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J Clin Endocrinol Metab. 2009 Sep;94(9):3171-82. doi: 10.1210/jc.2008-2534. Epub 2009 Jun 9.

Cytokine and cytokine-like inflammation markers, endothelial dysfunction, and imbalanced coagulation in development of diabetes and its complications.

Author information

1
Division of Endocrinology, Diabetes, and Metabolism, Diabetes Research Institute, University of Miami Miller School of Medicine, Miami, Florida 33101, USA. rgoldberg@med.miami.edu

Abstract

CONTEXT:

Recent developments indicate that pathophysiological mechanisms leading to beta-cell damage, insulin resistance, and the vascular complications of diabetes include an activation of the inflammation cascade, endothelial dysfunction, and procoagulant imbalance. Their circulating biomarkers may therefore provide opportunities for early diagnosis and targets for novel treatments.

EVIDENCE:

Circulating biomarkers of these pathways such as TNFalpha, IL-6, C-reactive protein (CRP) (inflammation), vascular cellular adhesion molecule-1, interstitial cellular adhesion molecule-1, E-selectin, von Willebrand factor (endothelial dysfunction), plasminogen activator inhibitor-1, fibrinogen, P-selectin (procoagulant state), and adiponectin (antiinflammation) may be associated with development of both type 1 and type 2 diabetes and some studies, particularly in type 2 diabetes, have demonstrated that certain biomarkers may have independent predictive value. Similarly studies have shown that these biomarkers may be associated with development of diabetic nephropathy and retinopathy, and again, particularly in type 2 diabetes, with cardiovascular events as well. Finally, the comorbidities of diabetes, namely obesity, insulin resistance, hyperglycemia, hypertension and dyslipidemia collectively aggravate these processes while antihyperglycemic interventions tend to ameliorate them.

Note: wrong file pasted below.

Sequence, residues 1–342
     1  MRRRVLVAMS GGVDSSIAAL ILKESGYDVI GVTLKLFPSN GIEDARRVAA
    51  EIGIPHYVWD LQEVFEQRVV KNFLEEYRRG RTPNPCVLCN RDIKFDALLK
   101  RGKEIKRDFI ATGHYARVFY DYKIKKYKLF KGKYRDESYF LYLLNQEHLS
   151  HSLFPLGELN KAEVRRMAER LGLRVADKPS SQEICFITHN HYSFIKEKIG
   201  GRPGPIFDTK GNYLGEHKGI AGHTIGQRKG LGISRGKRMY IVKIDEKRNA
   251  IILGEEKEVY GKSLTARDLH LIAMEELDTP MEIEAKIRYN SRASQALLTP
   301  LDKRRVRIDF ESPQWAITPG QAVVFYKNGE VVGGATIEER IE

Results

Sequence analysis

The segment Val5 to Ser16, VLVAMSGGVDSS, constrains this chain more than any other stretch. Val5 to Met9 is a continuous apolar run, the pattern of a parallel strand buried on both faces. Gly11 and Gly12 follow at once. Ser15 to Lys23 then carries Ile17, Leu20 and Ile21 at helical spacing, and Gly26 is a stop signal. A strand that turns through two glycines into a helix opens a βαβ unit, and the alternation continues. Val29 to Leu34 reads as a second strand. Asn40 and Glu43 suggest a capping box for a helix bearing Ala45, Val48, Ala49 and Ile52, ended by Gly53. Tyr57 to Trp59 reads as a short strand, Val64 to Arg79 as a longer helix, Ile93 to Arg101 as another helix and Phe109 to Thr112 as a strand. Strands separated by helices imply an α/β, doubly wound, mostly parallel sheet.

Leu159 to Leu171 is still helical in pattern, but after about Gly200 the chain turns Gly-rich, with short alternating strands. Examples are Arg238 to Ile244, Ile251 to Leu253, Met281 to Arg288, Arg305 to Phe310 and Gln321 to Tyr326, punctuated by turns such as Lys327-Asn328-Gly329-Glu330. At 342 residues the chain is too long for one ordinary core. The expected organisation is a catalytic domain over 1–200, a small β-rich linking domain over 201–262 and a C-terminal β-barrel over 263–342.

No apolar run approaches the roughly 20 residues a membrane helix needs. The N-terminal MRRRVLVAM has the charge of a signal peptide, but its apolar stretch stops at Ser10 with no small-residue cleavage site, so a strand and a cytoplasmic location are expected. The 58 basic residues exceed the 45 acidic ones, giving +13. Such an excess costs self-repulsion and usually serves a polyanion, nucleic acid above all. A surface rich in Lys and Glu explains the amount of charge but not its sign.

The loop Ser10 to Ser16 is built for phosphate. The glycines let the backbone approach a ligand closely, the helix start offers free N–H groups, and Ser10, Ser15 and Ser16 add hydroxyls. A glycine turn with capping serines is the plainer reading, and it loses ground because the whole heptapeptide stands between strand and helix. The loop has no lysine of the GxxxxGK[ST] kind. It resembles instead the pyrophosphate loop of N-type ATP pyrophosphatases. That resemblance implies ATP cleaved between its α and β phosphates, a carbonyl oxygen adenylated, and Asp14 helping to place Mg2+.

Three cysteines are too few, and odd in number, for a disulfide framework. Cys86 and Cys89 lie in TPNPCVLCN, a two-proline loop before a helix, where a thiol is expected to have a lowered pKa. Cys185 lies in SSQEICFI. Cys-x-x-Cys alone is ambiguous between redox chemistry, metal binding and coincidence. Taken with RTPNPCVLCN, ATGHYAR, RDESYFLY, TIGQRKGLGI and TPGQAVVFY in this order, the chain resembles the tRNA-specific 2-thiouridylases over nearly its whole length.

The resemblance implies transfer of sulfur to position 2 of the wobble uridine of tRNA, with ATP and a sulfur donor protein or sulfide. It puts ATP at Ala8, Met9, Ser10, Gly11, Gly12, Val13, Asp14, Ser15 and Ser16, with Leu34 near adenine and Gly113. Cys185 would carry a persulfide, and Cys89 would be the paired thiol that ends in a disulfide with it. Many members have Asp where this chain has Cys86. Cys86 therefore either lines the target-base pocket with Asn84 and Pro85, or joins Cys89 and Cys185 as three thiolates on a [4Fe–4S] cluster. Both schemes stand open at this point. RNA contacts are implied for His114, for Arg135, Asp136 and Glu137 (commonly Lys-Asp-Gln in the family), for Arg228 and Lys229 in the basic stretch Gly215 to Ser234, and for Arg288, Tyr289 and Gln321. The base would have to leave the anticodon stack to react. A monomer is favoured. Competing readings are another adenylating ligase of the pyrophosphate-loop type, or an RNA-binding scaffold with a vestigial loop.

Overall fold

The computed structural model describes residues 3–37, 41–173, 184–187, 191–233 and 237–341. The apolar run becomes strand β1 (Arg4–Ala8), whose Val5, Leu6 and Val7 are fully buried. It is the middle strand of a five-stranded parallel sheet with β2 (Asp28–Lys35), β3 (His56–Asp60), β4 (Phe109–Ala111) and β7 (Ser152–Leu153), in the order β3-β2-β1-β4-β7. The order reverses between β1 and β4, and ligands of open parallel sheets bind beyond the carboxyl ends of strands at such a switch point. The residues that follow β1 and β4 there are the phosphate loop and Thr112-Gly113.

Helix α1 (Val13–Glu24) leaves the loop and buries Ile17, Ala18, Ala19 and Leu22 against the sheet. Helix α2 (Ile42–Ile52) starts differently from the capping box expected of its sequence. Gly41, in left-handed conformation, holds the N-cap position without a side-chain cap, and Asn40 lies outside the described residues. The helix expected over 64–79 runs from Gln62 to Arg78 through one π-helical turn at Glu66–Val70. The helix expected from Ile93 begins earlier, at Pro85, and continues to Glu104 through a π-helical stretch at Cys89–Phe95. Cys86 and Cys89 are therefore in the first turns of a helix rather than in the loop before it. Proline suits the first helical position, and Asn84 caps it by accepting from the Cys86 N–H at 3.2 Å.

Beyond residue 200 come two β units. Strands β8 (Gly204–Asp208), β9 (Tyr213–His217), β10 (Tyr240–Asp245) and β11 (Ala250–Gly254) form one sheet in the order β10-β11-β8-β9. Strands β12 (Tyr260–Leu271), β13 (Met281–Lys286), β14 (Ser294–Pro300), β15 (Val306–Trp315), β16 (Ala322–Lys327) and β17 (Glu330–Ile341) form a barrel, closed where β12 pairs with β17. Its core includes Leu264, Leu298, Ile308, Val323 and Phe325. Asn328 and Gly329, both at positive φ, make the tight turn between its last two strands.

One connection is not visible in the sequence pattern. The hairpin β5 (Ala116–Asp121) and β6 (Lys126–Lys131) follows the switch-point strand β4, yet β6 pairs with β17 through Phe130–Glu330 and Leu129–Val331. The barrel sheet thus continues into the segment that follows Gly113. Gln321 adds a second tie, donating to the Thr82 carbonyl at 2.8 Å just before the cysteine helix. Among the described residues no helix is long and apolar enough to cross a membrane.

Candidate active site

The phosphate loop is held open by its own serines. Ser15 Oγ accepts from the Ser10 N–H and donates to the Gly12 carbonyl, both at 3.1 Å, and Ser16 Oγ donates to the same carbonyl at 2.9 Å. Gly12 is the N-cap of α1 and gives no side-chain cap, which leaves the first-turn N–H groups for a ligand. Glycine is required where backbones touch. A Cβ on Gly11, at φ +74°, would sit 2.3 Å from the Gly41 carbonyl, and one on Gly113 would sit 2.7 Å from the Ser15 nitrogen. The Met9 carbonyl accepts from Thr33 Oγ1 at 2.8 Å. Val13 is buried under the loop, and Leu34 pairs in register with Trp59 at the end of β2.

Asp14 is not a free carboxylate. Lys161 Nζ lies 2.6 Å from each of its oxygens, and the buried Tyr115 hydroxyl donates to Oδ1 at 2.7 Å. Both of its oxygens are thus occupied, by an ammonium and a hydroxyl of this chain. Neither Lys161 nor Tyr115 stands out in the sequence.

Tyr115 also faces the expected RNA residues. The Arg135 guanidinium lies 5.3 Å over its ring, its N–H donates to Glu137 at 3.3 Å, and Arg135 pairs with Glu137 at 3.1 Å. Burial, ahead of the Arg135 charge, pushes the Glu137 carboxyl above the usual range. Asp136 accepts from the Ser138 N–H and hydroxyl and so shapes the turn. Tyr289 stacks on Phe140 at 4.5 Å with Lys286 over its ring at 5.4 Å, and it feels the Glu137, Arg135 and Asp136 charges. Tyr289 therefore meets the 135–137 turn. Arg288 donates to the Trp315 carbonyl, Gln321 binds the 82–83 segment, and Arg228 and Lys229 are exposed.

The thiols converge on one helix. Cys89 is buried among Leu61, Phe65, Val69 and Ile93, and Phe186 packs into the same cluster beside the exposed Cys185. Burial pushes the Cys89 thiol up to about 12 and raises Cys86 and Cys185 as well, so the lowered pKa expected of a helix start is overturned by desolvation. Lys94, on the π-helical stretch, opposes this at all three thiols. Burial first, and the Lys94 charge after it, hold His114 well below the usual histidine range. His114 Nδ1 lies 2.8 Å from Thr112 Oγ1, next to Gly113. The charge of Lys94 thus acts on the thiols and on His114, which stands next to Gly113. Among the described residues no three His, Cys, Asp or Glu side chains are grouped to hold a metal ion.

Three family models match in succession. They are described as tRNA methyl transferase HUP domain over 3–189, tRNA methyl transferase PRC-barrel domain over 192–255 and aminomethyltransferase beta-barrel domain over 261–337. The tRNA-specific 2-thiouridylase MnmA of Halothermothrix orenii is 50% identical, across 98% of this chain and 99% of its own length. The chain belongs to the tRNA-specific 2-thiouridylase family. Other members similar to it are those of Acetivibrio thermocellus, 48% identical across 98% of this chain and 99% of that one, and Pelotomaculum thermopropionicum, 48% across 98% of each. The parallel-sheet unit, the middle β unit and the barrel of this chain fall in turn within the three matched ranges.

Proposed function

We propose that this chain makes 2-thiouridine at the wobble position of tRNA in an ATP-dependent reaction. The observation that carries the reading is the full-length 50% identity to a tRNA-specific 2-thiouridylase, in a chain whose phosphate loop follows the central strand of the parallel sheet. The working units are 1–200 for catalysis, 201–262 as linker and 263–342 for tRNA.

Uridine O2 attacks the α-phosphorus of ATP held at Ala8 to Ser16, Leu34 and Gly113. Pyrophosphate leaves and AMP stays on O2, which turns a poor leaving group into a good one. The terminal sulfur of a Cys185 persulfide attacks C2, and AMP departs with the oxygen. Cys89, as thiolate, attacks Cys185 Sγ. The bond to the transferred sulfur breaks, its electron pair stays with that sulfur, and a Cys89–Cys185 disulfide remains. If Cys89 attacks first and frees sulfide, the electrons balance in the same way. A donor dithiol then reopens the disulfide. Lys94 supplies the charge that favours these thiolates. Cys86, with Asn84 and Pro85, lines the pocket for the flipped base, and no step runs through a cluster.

CONCLUSIONS:

Increased CRP, IL-6, and TNFalpha, and especially interstitial cellular adhesion molecule-1, vascular cellular adhesion molecule-1, and E-selectin are associated with nephropathy, retinopathy, and cardiovascular disease in both type 1 and type 2 diabetes. Whereas further work is needed, it seems clear that these biomarkers are predictors of increasing morbidity in prediabetic and diabetic subjects and should be the focus of work testing their clinical utility to identify high-risk individuals as well as perhaps to target interventions.

PMID:
19509100
DOI:
10.1210/jc.2008-2534
[Indexed for MEDLINE]

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